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This plugin helps create links between narrative text on Jekyll pages and entities (people, places, events etc) described in a data file. It creates pages for each of the entities, expresses the relationships between them as Linked Open Data, and exposes the results as JSONLD and Turtle.

The aim of the plugin was to make it possible for researchers (particularly historians) to publish data-enriched narratives, and share the products of their research in a standard format that can be easily preserved and re-used.

This plugin was originally based on data_page_generator.rb by Adolfo Villafiorita, though it has undergone major changes and expansion.

Generate pages from individual records in yml files (c) 2014-2016 Adolfo Villafiorita

Additions and modifications (c) 2020 Tim Sherratt (@wragge) Distributed under the conditions of the MIT License


The process is rather complicated and relies on Jekyll's post-render and pre-render hooks to create and embed the the LOD.

What you need:

  • One or more Jekyll pages that contain your narrative in Markdown format.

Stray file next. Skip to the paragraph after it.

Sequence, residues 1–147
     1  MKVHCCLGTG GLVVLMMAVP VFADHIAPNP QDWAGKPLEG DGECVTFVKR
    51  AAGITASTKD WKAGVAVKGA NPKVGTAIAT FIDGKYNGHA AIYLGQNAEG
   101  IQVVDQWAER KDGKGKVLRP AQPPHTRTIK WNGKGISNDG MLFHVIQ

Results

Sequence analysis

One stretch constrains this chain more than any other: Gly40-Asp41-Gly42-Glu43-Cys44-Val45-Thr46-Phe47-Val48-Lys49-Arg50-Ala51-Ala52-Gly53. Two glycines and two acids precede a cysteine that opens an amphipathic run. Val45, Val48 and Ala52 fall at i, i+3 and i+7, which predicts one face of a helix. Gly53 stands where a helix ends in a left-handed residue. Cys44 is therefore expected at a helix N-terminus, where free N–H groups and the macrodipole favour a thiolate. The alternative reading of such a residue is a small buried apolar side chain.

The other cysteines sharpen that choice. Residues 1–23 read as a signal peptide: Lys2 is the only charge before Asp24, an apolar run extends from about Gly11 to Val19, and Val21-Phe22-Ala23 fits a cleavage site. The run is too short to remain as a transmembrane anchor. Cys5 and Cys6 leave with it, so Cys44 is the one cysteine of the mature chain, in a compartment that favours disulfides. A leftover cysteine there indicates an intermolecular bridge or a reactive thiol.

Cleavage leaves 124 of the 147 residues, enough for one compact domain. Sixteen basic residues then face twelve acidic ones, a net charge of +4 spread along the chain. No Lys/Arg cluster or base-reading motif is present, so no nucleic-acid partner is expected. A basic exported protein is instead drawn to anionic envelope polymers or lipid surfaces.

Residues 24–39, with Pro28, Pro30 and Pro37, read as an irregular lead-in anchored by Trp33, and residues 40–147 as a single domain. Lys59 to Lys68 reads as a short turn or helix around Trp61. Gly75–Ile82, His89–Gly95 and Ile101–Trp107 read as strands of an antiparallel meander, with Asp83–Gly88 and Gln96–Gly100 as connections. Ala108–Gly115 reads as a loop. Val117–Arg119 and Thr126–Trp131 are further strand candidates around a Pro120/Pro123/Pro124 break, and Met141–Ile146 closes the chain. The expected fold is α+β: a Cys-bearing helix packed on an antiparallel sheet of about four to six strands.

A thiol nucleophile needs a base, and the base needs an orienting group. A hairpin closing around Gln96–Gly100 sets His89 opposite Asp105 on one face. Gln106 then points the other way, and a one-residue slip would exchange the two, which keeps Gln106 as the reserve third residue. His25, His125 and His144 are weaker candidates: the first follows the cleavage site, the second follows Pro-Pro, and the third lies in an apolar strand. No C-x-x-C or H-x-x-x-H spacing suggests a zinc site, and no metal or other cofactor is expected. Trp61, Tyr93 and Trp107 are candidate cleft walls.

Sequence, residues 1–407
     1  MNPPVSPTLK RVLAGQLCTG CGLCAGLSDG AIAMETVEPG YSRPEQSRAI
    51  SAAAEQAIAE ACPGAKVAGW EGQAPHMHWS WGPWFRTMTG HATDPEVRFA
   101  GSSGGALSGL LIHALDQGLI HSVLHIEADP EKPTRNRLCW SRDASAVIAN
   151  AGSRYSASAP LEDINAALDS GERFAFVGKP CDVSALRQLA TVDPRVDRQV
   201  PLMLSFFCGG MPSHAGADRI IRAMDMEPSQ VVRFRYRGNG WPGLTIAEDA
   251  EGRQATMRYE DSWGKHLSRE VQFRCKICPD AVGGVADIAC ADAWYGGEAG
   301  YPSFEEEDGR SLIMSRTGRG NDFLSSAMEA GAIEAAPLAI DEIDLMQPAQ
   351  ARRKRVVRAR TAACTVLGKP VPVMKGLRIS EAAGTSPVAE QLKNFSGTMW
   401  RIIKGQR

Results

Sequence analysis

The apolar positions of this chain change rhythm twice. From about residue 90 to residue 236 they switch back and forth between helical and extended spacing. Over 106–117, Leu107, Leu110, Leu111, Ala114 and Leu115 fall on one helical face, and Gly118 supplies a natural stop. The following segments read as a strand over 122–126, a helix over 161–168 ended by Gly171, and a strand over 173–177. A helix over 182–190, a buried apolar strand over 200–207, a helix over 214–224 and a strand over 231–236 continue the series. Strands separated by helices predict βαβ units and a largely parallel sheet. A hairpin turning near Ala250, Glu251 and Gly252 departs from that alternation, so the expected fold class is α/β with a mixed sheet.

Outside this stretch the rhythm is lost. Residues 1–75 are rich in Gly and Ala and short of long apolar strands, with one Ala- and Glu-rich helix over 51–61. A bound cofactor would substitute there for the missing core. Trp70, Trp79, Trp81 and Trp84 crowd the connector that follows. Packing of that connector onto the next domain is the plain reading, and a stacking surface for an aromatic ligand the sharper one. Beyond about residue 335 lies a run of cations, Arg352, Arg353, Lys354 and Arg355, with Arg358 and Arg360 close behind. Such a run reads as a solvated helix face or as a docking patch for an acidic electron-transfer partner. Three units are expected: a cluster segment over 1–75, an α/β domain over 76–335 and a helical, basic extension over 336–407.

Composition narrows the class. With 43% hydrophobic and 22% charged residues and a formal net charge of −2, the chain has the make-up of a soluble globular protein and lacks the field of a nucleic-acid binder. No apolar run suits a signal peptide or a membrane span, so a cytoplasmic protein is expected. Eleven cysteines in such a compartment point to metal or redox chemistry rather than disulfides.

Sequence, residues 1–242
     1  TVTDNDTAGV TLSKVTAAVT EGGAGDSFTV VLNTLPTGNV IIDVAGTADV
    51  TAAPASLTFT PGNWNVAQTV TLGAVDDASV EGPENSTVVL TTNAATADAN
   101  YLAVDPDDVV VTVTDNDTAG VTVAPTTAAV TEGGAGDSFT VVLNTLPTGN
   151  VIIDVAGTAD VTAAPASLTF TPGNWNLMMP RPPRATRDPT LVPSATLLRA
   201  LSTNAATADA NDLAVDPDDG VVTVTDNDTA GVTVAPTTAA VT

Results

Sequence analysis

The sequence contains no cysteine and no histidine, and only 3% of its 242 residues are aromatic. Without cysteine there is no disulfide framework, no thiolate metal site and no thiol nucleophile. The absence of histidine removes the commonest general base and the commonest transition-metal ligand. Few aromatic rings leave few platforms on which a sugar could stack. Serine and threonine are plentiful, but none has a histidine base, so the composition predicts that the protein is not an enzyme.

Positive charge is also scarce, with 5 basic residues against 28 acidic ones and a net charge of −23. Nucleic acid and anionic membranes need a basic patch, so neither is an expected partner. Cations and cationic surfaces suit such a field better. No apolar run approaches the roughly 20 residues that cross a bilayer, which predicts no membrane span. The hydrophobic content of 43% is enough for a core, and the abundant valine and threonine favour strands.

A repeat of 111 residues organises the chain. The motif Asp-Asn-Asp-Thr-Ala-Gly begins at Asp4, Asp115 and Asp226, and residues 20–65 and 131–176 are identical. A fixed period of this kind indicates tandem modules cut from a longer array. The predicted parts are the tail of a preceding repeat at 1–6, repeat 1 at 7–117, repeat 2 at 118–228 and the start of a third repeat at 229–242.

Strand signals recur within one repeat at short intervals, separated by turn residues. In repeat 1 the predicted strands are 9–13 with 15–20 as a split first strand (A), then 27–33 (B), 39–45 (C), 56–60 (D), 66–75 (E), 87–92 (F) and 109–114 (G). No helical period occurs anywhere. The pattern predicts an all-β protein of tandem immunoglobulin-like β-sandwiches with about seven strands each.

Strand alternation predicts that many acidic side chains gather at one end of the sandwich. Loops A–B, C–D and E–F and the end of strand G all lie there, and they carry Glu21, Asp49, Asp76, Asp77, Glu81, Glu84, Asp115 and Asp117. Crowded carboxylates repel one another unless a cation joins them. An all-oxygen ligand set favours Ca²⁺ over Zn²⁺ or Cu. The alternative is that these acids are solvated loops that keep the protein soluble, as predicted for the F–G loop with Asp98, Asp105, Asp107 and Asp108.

• A YAML data file that describes the entities in your narrative.

What you do:

  • Markup the narrative text to relate names to records in the data file. This is done using a custom tag.
  • Add some config values to describe and organise your entities into collections.

What happens when the site is built:

  • The LODBook generator creates page objects for each of the entities in the data and adds them to the global site object.
  • The pages containing the narrative text (confusingly Jekyll calls these 'documents') are rendered. This means the tags that link to entities are turned into proper HTML.
  • The post-render hook calls some code that extracts the entity references from each narrative page and saves them in the page data for later processing. These relationships are also expressed as LOD and embedded as JSONLD in the HTML page.
  • The post-render code also generates LOD representations of each page and saves them as separate JSONLD and Turtle files.
  • Before the entity pages enter the rendering phase we use their pre-render hook to inject some additional data from the narrative pages.
  • Looping through all the entities, we extract any references to them from the narrative pages. We also grab a string that shows the name of the entity in the context of the page.
  • This data is saved in the page data, converted into LOD, and embedded in the HTML. JSONLD and Turtle representations of each page are also created.

All this back and forth means that rich links are established between the narrative and the data that are both expressed as LOD, and are available to the site theme to build custom navigation, views, and visualisations.

Complete documentation will be available soon, as well as some sample themes.

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